The other problem with "by-products" is that they usually come from dead, dying, diseased and disabled--the "4-D"--animals, so it's anybody's guess what they truly contain. It is not uncommon for diseased and cancerous tissue to be tossed into the mix. The industry is allowed to do this because the food is processed at such high heat that, theoretically, anything infective is rendered harmless. This may or may not be true and, in any case, the processing also destroys much of the nutritional content (which was pretty low anyway, considering the source).
This leads us to the very long list of vitamins and minerals that are added to the product after the high temperature cooking process. If these supplements were not added, the animals eating this food would not thrive. I won't list them all here, but I encourage you to look for yourself; it is an extremely long list. That is how manufacturers create a "complete and balanced" food product.
Rounding out the ingredient list are things like oat bran, rice flour and guar gum, bulking and thickening agents that don't really add anything to the nutritional profile but do increase total carbohydrates. Since neither cats nor dogs really have a need for "carbs", they are included because they are cheap and make the food seem "meatier".
What about the stuff that's in there but isn't on the label? Stay tuned.
Movie of the Week: Planet Terror by Robert Rodriguez. His films are so entertaining! If you can suspend belief and keep from focusing on questions like, "How do they get those weapons to work like that?" you'll really enjoy the ride. Luckily, this plot is so ridiculous it's easy to just sit back and go with it. His special features are better than most, too!
Thursday, June 4, 2009 3:33 PM
Continuing on with our research project, let us once again take a look at that "guaranteed analysis" section of our canned cat food label. Next on the hit list is "crude fiber", listed at 1% of wet or 1/22=4.5% of the product's dry weight. That doesn't sound too bad. Do cats need fiber? Well, not really. Research indicates that both dogs and cats do very well on homemade diets with less than 1.5% fiber content. Fiber, in the form of inexpensive grain and cereal products, does bulk up the product for consumer purchase. For very little expense, the manufacturer makes more profit than if that percentage was made up of protein. Cats do ingest their prey's stomach contents in the wild, including any vegetation they have consumed, so this ingredient causes no harm. Again, note the word "crude" prefacing fiber; it's anyone's guess exactly how refined this ingredient is. My guess: not very!
The next item listed is the infamous "ash", or mineral content. Ash is primarily made up of magnesium and phosphate. This food lists a wet 1.9% or 1.9/22=8.6% dry ash content. What does this mean? As it turns out, not much. For years, cat food makers have been producing "low ash" foods in response to an increase in Feline Urological Syndrome (FUS). This is a serious disorder in cats (particularly male cats) which can lead to death from kidney failure and blood poisoning if not promptly treated. Its increased incidence in cats is directly attributable to feeding commercial diets, but not because of the ash content. Diet affects the cat's urinary ph, which is meant to be acidic. An acidic urine will dissolve any calculi (stones) before blockage of the urethra can occur. Poor quality dietary ingredients, particularly proteins, contribute directly to the alkalinization of urine, leading to FUS. Therefore, the actual ash content is immaterial. I will talk about this issue more thoroughly when I discuss common feline health problems.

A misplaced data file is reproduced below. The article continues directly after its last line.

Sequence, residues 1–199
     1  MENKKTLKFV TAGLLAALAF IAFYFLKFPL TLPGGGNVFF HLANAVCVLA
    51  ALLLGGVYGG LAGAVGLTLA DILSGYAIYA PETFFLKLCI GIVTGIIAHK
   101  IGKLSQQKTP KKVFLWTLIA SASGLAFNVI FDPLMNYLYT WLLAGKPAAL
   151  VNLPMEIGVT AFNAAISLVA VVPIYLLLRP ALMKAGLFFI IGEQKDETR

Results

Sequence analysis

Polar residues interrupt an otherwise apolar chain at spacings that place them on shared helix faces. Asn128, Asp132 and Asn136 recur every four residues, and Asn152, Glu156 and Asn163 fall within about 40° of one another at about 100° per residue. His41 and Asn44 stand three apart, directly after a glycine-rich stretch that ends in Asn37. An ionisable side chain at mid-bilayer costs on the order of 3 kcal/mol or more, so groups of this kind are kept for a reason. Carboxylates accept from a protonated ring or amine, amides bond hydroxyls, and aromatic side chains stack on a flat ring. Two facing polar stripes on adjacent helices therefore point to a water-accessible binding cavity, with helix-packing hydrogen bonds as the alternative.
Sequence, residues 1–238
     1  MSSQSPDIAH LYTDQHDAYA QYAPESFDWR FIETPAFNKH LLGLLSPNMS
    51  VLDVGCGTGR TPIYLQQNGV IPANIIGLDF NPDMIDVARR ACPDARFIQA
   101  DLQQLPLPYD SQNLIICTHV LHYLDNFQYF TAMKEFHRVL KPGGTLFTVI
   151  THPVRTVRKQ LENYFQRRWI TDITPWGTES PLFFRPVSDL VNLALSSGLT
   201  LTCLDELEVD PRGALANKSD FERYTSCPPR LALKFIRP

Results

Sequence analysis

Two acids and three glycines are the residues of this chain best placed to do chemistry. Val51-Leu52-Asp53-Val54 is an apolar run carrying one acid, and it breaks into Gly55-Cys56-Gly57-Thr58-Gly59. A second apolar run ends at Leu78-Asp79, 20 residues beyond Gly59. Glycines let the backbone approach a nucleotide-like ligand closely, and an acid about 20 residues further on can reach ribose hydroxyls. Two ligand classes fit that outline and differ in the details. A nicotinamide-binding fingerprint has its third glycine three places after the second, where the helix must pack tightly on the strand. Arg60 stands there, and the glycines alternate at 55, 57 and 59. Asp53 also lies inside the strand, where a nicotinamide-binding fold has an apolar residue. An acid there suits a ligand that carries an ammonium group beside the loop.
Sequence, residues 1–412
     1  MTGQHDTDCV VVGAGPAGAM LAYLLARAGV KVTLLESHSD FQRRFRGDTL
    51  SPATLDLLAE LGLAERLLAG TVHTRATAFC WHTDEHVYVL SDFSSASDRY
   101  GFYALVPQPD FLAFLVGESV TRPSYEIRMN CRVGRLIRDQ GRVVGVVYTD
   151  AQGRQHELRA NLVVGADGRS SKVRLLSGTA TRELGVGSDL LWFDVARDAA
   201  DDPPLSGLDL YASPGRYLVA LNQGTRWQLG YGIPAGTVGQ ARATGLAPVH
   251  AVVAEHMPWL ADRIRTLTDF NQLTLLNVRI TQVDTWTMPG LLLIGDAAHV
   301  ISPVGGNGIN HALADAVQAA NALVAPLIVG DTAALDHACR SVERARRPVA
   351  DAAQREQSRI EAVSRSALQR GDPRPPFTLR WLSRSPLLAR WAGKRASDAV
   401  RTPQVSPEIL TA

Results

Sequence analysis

The last ingredient listed is taurine, an amino acid very important to a cat's health. Unlike other animals, cats cannot produce taurine from other amino acids. Muscle meat contains quite a bit of this amino acid, but will leach out into cooking juices and is completely destroyed by high heat, such as the commercial food industry uses in making its product. In the 1960s, when people began feeding these new store-bought diets to their cats, a problem developed whereby cats were going blind and developing heart problems. Symptoms were reversed, if not too far gone, by supplementing taurine. Now, all commercial food manufacturers add it to the finished product and the eye and heart problems no longer occur. The label states a .05% or .23% dry weight percentage of taurine in this particular product. Thirty to 50 mg. a day for an adult cat is considered adequate.
Next time we'll take a look at the actual ingredients listed on this food label. Yum!
So Cute: Here's our little pal Chickie, placed in the chicken coop by his "mom" Miss P. so that he can get used to the outdoor life. Just to make sure he doesn't get "disappeared" while she's at work, he's still in his Chickie condo for protection. I'm not sure he looks all that happy with this change of scenery. What do you think?
Wednesday, June 3, 2009 3:10 PM
Let's say you've finally found your glasses and you are reading a canned cat food label's "guaranteed analysis" section. What are you to make of this, particularly since we now know that pet food manufacturers do not bother to conduct feeding trials or perform chemical analyses on their products on a regular basis?